One of the reasons we love our work so much is that wayfinding is fundamentally about the people. And, how people interact with a place.
At Placemarque we talk a lot about user experience. In truth, keeping focus on the user’s experience is the only way to deliver a successful strategy. Without understanding where people want to go and what their experience is of a place, any signage – no matter how attractive – will fall flat.
But as much as we need to understand the visitor’s perspective, we also need to be aware of the different and sometimes conflicting uses in a place.
The perception of public and private spaces
Conflict can sometimes happen when private spaces are perceived as public spaces, resulting in unwelcome visitors. The opposite can also cause conflict. For example, when residents perceive their street to be private when it is in fact a public thoroughfare.
The public realm can play an important role in providing clues about whether the space you are entering is open to the public or not, beyond the use of traditional security measures.
Think of Westminster, particularly in the vicinity of the Houses of Parliament. Whilst the streets are open to the public, it doesn’t always feel that way. The same can be said of London’s legal district; home to various barrister chambers and Inns of Court. The positioning of low walls and fences, an arched walkway or a change in paving materials can all give the underlying message that the space is only for people with a reason to be there. You feel as though you’re crossing some sort of threshold.
It’s not a closed space; it’s just not an open space either.
The choreography of wayfinding
I was enthralled as a child watching the dance scenes in the musical West Side Story. The hubbub of people moving every which way would suddenly dissipate as characters slipped into step with each other, moving from chaos into order, confidently stepping to the same beat.
We have always felt that wayfinding is all about choreographing the movement of people. Nothing is forced, but in the same way that architects use fences and walls, we use subtle navigation clues to help people move in step and choose certain paths over others. The wayfinding of an area can reinforce whatever the message is that landowners want to give out, whether that’s “all are welcome here” or “keep moving please”.
Fingerpost signs encourage visitors to take one route over another option. Gateway signage gives a clear message of crossing a threshold into a new place. Illuminated signage literally brings light into a space, making it feel safer and more welcoming.
The choreography of wayfinding gently nudges people along, moving from the chaos of uncertainty towards the confidence of stepping closer to your destination.
Case study: University College London
Universities used to have a mindset of keeping visitors out, by presenting themselves fortress-like with dominating buildings, minimal space to gather, closed doors and fences. Understandably, because its campus pressed up against dozens of different uses, UCL adopted a defensive position to protect itself from the busyness of central London.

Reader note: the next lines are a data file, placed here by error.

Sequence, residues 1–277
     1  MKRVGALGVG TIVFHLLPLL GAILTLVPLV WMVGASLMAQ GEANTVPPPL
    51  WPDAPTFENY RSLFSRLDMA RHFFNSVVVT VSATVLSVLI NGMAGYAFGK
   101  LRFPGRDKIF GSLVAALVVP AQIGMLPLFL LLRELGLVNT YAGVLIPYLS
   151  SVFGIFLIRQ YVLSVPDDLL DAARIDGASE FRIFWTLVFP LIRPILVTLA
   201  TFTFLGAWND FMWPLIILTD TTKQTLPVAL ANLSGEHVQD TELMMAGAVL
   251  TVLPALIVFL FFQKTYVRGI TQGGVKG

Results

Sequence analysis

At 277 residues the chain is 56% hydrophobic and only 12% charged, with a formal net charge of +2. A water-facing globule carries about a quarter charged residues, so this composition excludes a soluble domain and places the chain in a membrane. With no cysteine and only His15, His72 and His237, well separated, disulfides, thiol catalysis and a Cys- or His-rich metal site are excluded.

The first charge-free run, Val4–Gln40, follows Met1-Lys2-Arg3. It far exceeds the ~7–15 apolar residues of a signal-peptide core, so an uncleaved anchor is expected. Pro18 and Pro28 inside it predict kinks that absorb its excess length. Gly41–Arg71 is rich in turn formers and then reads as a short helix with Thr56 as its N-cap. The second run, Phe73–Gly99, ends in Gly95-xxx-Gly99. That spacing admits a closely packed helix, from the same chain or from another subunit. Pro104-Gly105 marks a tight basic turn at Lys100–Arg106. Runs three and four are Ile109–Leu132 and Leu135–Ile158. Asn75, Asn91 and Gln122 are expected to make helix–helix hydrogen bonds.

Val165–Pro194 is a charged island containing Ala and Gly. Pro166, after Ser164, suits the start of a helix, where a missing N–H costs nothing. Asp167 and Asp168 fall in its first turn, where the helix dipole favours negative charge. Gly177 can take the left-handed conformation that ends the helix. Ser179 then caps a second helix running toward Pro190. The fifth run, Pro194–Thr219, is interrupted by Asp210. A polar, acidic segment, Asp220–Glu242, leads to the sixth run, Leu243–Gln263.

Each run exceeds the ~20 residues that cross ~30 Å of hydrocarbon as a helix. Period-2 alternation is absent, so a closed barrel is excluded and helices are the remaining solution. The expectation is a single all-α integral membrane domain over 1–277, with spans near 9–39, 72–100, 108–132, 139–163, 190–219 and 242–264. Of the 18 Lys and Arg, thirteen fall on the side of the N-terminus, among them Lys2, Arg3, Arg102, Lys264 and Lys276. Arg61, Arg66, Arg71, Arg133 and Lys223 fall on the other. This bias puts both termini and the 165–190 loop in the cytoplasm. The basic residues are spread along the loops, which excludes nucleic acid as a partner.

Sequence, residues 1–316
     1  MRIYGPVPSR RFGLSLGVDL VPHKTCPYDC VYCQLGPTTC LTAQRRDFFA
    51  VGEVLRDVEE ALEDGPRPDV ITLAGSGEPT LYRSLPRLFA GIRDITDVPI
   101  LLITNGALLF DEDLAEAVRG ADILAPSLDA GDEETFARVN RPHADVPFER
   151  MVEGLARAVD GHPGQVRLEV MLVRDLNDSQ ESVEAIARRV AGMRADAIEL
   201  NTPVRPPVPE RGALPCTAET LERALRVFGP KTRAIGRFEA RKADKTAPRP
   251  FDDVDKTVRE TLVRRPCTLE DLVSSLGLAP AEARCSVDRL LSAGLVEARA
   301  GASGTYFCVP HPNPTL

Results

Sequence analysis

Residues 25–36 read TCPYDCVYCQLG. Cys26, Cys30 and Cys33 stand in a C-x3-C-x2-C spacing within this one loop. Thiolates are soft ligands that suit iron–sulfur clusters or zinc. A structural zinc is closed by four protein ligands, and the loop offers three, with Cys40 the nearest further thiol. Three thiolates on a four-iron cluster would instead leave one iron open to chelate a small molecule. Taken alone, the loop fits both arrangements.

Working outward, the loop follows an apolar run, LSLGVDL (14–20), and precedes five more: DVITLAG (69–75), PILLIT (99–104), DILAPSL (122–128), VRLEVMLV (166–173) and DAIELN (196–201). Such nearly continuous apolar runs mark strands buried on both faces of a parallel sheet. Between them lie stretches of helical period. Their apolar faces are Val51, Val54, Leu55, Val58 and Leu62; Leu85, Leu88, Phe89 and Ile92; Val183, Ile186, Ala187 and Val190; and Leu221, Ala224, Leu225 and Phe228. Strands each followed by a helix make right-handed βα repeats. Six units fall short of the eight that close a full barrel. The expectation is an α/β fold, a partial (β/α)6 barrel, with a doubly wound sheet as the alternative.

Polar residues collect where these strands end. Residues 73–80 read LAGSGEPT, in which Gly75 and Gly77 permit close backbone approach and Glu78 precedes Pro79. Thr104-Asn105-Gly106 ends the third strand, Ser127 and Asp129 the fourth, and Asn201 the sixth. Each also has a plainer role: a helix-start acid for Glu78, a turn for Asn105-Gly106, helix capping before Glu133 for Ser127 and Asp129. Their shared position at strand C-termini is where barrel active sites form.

But, in recent times this thinking has changed. The value of visitors is now appreciated. Visitors bring movement, vibrancy and life to spaces. Visitors bring security to otherwise unmonitored spaces. And, of course, visitors bring income at university cafés and shops.
Over the years of working with UCL we have witnessed this shift in thinking. Through the various projects we have worked on with them, we have helped them to open up their campus to visitors by giving clear indications that routes through the campus are open to the general public, and even, welcomed. Visitors are encouraged to choose certain routes to improve safety, or to bring people to key destinations and services.
Case study: Berewood, Hampshire
Our work in Berewood, a new community of 2,650 homes near Portsmouth, involved directional signage that encouraged residents and visitors to take certain routes through the wider site. So, rather than pedestrians zigzagging through residential streets, we provided clear information via the masterplan that there are alternative routes available. Pedestrians are offered the opportunity to opt for footpaths along ecologically-rich trails which connect through to key services.
This has the added benefit of not only offering pedestrians a better user experience, but also helping to maintain low traffic (yes, pedestrians are traffic too) neighbourhoods that instil a sense of privacy within residential streets.
These roads are not closed to the public – they’re just not open spaces either.
Wayfinding is about understanding people
Because wayfinding is all about the people, we always take the time to visit your place and observe how people are moving about it. Our audit helps us to understand what navigational cues people are already using and what problems they’re facing.
Armed with this knowledge we can build a strategy that steers people towards their destination in a way that best meets our clients’ objectives.
We can help you establish clear hierarchies of pedestrian movement in your place, to encourage visitors to choose one route over another. If you need an expert perspective on how to choreograph the movement of people through your site, get in touch on 0161 241 3174.